If you had the pleasure of attending the concert presented by the Shanghai String Quartet, you heard music I’ll bet you never heard before.  With Wu Man, who is the equivalent of a classical music rock star in Asia, the very polished quartet played evocative, calm music.  Then the quartet launched into Beethoven’s “Serioso” String Quartet in F minor; I suspect they did it just to prove that they are masters of Western music, too.  I think “impeccable” is the word I’m looking for….  Finally, a modern Chinese composition, Ghost Opera, with its sly asides and rollicking humor, all tied up in a ribbon of marvelous sound.

…a modern Chinese composition, Ghost Opera, with its sly asides and rollicking humor, all tied up in a ribbon of marvelous sound.

And let’s discuss this very small Chinese lady with her beautiful Chinese lute.  She is a ballerina of four strings, each graceful movement  eliciting sounds that simply carried the listener to an idealized China.  And here’s a very good reason to join the SA Chamber Music Society as a Patron:  over dinner, we had the pleasure of making the acquaintance of Honggang Li, the Shanghai Quartet’s magician of the viola.  He spoke about the music, of course, but he also analyzed modern China for us.  He allowed his dinner companions a view of where modern China has come from and where it seems to be headed.
…a ballerina of four strings, each graceful movement eliciting sounds that simply carried the listener to an idealized China.

So muchas gracias, señor Polo!   Not only did we learn about the pipa and the evocative music of China and how these particular musicians came to and mastered Western music, we learned something about China.  I’d call that an afternoon well spent.

– E Doyle

Out of “ex”es and “so”s

So… (don’t you just hate it when someone starts into a discussion of something with “so”?)  So, did you catch the Gryphon concert?  So, whadidja think?  I’m so glad you asked!  Me, I thought the concert was – what’s the word I’m looking for? – excellent?  exuberant ?  exceptional? extraordinary?

Okay, I’m out of “ex”es and “so”s.  Here’s the straight skivvy:  if you missed this one, you should now feel badly that you missed a beautiful performance from three uncommonly talented musicians.  If you were there, you left the Temple with a smile and, I hope, a feeling of satisfaction at having spent a Sunday afternoon learning about classical music and how trios can perform beyond their number.  One + one + one = more than three; these three musicians seem to equal more than the sum of their parts.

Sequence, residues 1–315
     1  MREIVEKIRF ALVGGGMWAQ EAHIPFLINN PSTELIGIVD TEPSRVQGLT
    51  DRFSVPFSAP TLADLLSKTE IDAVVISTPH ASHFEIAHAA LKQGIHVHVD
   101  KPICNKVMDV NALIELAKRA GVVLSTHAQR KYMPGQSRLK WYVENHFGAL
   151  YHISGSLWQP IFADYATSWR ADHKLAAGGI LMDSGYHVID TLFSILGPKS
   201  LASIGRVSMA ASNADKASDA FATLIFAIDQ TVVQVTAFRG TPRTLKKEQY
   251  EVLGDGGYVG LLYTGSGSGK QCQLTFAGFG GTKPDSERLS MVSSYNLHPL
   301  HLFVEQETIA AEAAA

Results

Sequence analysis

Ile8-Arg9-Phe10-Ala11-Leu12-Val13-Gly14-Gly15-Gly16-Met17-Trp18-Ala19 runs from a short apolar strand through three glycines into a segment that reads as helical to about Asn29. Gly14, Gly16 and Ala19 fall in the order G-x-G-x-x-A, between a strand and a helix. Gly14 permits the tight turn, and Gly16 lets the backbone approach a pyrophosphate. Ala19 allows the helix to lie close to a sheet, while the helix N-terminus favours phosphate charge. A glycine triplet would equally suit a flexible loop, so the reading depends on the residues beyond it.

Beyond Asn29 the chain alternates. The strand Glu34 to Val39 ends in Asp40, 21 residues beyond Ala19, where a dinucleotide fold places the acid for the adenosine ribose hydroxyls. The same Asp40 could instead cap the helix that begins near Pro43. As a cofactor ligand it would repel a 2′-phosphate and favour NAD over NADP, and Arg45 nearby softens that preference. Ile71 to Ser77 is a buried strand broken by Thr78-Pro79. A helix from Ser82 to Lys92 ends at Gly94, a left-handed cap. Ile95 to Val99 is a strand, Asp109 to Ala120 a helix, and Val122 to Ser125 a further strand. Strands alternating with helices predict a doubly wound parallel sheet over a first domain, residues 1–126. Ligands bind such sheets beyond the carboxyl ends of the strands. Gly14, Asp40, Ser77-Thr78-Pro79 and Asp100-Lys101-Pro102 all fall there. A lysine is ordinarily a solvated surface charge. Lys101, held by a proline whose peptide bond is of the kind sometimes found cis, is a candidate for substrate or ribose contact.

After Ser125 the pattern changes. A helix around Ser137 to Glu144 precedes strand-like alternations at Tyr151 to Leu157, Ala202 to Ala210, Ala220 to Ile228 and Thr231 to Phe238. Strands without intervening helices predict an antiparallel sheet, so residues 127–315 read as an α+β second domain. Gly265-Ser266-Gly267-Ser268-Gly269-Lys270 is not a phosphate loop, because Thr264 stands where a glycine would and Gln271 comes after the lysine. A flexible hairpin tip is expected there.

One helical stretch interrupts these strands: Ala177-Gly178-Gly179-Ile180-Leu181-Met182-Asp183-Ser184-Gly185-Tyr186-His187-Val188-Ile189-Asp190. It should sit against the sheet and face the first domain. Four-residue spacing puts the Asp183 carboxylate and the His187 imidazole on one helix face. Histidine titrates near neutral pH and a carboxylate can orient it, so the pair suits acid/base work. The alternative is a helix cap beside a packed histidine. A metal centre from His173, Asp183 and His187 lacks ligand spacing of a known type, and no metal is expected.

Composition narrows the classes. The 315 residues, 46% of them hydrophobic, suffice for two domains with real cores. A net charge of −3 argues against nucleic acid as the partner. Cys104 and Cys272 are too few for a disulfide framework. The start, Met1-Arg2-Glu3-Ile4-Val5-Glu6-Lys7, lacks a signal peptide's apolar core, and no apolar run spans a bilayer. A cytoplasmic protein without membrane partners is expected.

San Antonio Chamber Music Society presents the Gryphon Trio for the Las Americas Festival! Here's a glimpse of "Love Triangle" by Canadian composer from Sri Lanka, Dinuk Wijeratne -

Posted by Suhail Arastu on Sunday, January 24, 2016

A glimpse of “Love Triangle” by Canadian composer from Sri Lanka, Dinuk Wijeratne. Video by Suhail Arastu.

Furthermore, if you are a member of SACMS, you also enjoyed a really good dinner at a, well, a stable (in this case, the very classy stable at the Botanical Garden).  Not a member?  You would have thoroughly enjoyed meeting and talking with these 3 delightful Canadians (that would be Gryphon) over a gourmet dinner, and our after-concert dinners are always a great way to end the day.  You might want to look into it.

So, this is the kind of quality musical performance you’ve come to expect from the San Antonio Chamber Music Society.  Seventy-three years of Excellence.  That’s really amazing!  And there are two more concerts to come, don’t forget:  The Shanghai Quartet with Wu Man on February 28, and the Dover String Quartet on April 3.

So…see you there?  I hope so!

Gryphon Trio

Coming to San Antonio on January 24, 2016